Search results for: Barrel_fermented
Denotes wine that has been fermented in small casks (usually 55-gallon oak barrels) instead of larger tanks. Advocates believe that barrel fermentation contributes greater harmony between the oak and the wine, increases body and adds complexity, texture and flavor to certain wine types. Its liabilities are that more labor is required and greater risks are involved. It is mainly used for whites.
Sediment—dead yeast cells, grapeseeds, stems, pulp and tartrates (harmless tartaric acid crystals)—remaining in a barrel or tank during and after fermentation. Immediately following fermentation, wine should be racked off of the gross lees, the large particulate matter such as seeds, skins and stems, which are rich in spoilage organisms. The wine may be aged for an extended period on the fine lees, however, in what's called "sur lie" aging. Fine lees, the dead yeast cells leftover from fermentation, can enhance an aging wine with added richness, flavor and aroma complexity, and can also bind with excess tannins.
Usually the result of fermenting or aging in oak barrel, a smoky quality can add flavor and aromatic complexity to a wine.
French term for the progression of wine between fermentation and bottling. Comparable to the term "raising" in English; think of élevage as a wine's adolescence or education. The raw fermented juice is shaped during this period into something resembling its final form, through techniques such as barrel aging, filtering and fining. Good winemaking decisions during élevage can help the juice achieve its full potential; bad decisions can leave it flawed.
This technique, used almost exclusively on red wines, allows winemakers to control the amount of oxygen that wines in tank are exposed to. The apparatus involves chambers connected by tubes and valves to an oxygen tank. Small, measured amounts of oxygen are allowed to pass through the wine via a porous stone or ceramic plate at or near the base of the tank. The benefits of this type of oxygen exposure include prevention of oxidation and reduction as well as promotion of healthy yeast cultures, which prevent stuck fermentations. Microoxygenation is also believed to soften tannins and, in conjunction with the use of oak chips, is frequently practiced as an alternative to oak barrel aging.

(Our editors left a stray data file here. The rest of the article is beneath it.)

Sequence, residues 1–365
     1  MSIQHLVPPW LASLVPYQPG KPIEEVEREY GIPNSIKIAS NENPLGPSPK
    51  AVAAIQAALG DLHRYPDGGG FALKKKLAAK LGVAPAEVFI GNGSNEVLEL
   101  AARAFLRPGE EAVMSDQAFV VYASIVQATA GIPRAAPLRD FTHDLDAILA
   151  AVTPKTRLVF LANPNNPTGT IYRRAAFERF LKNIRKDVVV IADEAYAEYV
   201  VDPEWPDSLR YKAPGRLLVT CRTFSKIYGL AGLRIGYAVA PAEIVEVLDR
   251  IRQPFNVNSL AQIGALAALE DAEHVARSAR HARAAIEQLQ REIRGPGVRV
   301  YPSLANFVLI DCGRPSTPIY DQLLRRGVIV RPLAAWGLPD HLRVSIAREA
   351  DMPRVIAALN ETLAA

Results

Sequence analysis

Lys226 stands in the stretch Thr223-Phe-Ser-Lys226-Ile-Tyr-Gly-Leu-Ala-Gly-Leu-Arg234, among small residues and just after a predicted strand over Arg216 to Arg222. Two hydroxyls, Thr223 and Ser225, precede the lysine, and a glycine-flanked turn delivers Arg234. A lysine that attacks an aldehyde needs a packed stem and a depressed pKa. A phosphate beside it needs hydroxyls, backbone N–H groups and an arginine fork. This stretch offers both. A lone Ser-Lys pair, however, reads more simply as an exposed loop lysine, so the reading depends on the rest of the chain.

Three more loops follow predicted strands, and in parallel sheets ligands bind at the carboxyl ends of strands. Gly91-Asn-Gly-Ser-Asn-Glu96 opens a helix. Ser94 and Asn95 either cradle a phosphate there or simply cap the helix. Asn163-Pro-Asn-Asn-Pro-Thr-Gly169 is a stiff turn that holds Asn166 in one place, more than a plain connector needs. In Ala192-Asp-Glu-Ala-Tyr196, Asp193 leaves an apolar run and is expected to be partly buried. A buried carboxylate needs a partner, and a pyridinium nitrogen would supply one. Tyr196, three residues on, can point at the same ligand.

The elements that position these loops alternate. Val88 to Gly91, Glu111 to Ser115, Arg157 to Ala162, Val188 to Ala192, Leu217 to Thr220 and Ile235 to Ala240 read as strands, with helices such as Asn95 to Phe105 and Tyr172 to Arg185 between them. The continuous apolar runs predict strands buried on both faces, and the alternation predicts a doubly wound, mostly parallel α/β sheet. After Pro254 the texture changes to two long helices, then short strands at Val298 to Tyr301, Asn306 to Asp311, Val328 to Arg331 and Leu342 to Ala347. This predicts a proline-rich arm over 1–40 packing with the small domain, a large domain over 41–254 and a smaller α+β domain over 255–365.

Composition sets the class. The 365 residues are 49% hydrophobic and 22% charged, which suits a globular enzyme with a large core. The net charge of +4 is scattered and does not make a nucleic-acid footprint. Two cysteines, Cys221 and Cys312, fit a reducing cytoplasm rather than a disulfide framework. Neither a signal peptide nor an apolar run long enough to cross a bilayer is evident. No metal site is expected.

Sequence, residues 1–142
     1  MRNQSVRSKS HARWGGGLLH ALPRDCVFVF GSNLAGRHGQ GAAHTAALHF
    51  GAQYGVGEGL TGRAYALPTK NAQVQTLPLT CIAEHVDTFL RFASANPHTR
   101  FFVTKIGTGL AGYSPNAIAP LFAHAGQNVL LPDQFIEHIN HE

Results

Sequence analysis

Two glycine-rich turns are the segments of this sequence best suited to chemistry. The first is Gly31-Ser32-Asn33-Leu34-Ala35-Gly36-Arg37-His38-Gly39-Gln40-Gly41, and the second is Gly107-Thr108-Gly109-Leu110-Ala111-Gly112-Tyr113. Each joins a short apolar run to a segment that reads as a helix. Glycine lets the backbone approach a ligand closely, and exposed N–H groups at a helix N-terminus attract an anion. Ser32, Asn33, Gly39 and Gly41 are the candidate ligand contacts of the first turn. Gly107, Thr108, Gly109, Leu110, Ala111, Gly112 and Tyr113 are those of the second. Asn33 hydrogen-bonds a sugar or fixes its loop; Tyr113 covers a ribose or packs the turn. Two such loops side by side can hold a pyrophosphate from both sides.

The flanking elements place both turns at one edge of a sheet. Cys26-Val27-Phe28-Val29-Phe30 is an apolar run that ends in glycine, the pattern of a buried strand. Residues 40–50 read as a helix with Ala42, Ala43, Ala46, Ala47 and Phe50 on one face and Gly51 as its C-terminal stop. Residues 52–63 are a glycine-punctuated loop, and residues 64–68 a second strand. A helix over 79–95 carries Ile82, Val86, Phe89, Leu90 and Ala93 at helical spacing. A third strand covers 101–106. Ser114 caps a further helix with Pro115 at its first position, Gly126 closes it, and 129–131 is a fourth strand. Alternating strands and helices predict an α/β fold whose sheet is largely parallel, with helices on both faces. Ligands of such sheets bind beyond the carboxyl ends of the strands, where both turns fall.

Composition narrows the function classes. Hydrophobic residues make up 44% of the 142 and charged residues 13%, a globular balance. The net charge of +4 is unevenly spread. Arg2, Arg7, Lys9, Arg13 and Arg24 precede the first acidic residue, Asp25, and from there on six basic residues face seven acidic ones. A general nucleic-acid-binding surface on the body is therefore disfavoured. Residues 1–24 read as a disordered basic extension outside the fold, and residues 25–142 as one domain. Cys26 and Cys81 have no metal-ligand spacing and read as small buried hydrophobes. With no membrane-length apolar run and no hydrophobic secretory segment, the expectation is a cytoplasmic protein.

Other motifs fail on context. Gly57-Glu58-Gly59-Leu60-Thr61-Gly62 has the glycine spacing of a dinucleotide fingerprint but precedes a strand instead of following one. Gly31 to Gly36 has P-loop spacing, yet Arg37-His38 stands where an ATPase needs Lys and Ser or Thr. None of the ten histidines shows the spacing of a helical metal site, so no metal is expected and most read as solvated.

Loosely synonymous with "winemaking," the act of creating wine from grapes, beginning with the crushing of grapes at harvest and ending when the fermented juice is barreled.
Largely synonymous with "Vinification," winemaking is the process by which harvested grapes are crushed, fermented (and otherwise manipulated through yeast inoculations, temperature control, punch-downs, pump-overs, racking, oak-chip additions, filtering, etc.), aged in barrel, steel tank or other vessel, and finally bottled.
Sherry is a fortified wine made in Jerez, Spain, most often from the Palomino grape but also from the Pedro Ximénez and Moscatel varieties. Following fermentation, the wine is fortified with distilled wine spirit, up to the minimum strength of 15.5 percent alcohol. The fortified wine is then usually aged in oak barrels arranged in a solera system of multiple vintages, and which may include more than a hundred vintages of Sherry blended together. Sherries may be classified by their quality, age, sweetness and or alcohol contents into categories which include fino, manzanilla, amontillado, oloroso, cream, etc.